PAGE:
As I sat at the view, the sun began to melt into the clouds and disappear behind the horizon as twilight shrouded the Susquehanna River.

The lookout is located at 41.731054, -76.297383.

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After Work Hike to White Brook and Koerber Falls-SGL 57


White Brook Falls-SGL 57

It had been a fairly wet spring and I knew some waterfalls would be running into the summer. I don’t hike much in SGL 57 during the summer, so most of my photos are in the autumn or winter.  SGL 57 has about thirty waterfalls and I knew they’d be beautiful surrounded by green foliage and moss instead of bare trees, ice, and snow.


Since this was an after work hike, I decided to visit White Brook and Koerber Falls; each is less than a mile from the road.


We began the hike up to White Brook Falls. The glen was beautiful with its towering trees and deep, clear pools. There was some stinging nettle, but we were able to pass through relatively unscathed. As we approached the falls, the scenery grew more beautiful with red bedrock slides, rounded boulders capped with moss, and more deep pools. I could see the white ribbon of the falls up ahead.


We reached the falls and it was a beautiful sight. There was still plenty of water. White Brook Falls is known for its graceful spout and overhanging ledge. It is a very scenic and unique falls. The cool breeze at the base of the falls made it very comfortable, cutting the heat of the day and keeping the bugs away. I could have sat there for an hour, but there was another falls we wanted to see on the other side of the valley, so we walked back to Windy Valley Road.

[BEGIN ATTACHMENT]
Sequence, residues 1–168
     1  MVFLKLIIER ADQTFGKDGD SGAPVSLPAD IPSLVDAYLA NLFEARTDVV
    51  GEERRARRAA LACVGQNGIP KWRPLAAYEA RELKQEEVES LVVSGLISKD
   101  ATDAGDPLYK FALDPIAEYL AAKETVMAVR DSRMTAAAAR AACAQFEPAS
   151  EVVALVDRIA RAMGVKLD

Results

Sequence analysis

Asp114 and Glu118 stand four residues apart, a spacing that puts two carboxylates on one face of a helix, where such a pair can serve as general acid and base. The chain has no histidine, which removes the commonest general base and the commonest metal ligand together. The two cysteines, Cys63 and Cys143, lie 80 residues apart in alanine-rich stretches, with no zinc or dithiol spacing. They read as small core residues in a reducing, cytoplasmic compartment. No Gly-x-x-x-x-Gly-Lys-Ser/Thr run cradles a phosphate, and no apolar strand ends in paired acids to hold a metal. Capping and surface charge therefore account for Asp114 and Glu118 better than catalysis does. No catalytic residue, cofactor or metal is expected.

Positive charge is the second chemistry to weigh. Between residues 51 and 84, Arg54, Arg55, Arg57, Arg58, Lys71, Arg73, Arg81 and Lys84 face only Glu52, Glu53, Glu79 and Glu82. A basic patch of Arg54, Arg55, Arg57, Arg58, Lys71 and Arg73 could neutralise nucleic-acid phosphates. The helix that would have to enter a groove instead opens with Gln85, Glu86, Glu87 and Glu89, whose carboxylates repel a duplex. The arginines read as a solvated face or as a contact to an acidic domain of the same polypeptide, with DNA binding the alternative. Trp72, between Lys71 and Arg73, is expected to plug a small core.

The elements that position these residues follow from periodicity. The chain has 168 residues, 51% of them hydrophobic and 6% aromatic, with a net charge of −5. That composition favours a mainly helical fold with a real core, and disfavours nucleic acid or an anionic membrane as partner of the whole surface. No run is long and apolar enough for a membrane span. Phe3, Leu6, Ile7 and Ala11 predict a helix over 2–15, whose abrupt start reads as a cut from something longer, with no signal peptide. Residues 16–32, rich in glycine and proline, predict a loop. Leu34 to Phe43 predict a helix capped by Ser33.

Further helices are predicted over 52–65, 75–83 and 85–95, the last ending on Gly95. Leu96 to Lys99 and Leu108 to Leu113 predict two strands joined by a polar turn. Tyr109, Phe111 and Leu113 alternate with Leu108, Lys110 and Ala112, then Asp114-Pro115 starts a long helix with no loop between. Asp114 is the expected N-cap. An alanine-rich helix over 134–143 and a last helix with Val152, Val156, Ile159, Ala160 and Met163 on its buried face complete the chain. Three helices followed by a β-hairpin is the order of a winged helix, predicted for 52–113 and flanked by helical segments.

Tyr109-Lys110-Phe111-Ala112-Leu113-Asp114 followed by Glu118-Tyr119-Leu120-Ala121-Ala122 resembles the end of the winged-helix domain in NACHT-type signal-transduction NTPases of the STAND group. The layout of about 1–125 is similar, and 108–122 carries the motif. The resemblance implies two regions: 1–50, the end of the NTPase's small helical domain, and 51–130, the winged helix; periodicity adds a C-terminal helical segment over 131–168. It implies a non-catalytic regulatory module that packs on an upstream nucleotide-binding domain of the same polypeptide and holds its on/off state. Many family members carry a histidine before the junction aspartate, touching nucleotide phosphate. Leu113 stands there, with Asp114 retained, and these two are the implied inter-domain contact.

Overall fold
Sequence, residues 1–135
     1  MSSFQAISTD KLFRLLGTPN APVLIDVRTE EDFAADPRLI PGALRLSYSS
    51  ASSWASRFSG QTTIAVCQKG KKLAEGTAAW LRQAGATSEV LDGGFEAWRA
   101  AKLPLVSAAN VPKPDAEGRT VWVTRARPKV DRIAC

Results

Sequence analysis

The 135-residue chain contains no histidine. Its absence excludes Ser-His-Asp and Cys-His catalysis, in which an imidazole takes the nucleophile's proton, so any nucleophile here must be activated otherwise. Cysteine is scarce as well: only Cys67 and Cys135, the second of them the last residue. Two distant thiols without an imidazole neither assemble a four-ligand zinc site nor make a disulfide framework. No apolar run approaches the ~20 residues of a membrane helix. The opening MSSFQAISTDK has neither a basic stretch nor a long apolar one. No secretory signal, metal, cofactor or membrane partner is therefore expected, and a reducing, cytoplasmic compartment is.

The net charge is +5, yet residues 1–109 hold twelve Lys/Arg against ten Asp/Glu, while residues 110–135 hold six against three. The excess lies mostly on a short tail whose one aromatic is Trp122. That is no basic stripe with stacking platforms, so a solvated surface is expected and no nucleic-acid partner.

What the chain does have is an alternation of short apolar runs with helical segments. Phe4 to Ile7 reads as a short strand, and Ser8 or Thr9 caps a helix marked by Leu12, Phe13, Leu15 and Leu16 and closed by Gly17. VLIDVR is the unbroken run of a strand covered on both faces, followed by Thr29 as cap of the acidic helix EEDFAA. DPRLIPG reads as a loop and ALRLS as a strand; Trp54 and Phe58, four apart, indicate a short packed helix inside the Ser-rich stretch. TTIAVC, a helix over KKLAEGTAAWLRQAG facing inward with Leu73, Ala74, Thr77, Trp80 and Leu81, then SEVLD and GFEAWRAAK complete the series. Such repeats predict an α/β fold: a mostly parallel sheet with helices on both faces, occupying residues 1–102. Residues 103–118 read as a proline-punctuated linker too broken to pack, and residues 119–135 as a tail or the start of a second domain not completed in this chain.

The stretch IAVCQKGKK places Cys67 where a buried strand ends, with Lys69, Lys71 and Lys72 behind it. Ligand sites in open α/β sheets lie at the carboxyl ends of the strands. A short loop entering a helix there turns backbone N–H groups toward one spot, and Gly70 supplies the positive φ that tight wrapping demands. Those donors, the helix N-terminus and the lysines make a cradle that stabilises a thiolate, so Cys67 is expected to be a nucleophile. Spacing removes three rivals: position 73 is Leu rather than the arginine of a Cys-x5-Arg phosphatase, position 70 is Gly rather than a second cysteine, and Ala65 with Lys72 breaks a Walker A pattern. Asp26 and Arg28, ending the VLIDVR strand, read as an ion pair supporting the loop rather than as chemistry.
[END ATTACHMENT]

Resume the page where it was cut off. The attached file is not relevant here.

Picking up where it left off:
Our next destination was Koerber Falls, a smaller stream than White Brook, we hoped there would still be some water. We hiked up the gorge, exploring a mossy mini-chasm with a slide and deep pool and an eight foot falls. Up ahead was Koerber Falls. It still had some water; being under it was like a natural shower. The water descended in delicate threads from the moss above. The acoustics at the falls were incredible, as our voices bounced off the ledges creating a surround sound effect. We walked back to the Mehoopany Creek, waded across it in twilight, as storm clouds gathered overhead.

More photos.



Waterfalls of Hemlock Run-SGL 13


Hemlock Run, SGL 13

In the isolated western ramparts of SGL 13 is a stream called Hemlock Run.  I have long suspected it had waterfalls, so I went to find out.


There is a parking area and a small sign identifying the creek, located at 41.318183, -76.506174.  The road leading to Hemlock Run may be gated outside of hunting season.  A car can negotiate this road, but it is a little rough and a vehicle with some clearance is a good idea.


I parked at the parking area and there was a gated road to the west of the run.  Because this road climbed high above Hemlock Run, I decided not to take it.  Rather, I hiked up the run instead.


There was a faint footpath that crossed the run a few times.  It was a beautiful area.  Hemlock Run doesn’t have many hemlocks, but there were plenty of spruce growing, enhancing the scenery.  Red trilliums dotted the ground.


The faint trail I was on evaporated in brushy and wet areas, so I continued to follow the run as it tumbled over cobblestones.  The run turned west and entered a rocky gorge with moss and springs.  The rock was loose and shifted under my feet.  The first falls was about 6 feet, the second about 15, and the third about 12.  The isolation of this place was incredible.


I bushwhacked south, over a ridge and down to a tributary stream of Hemlock Run, where there was a cool, little gorge.  I then retraced my steps back to my car under drizzling rain.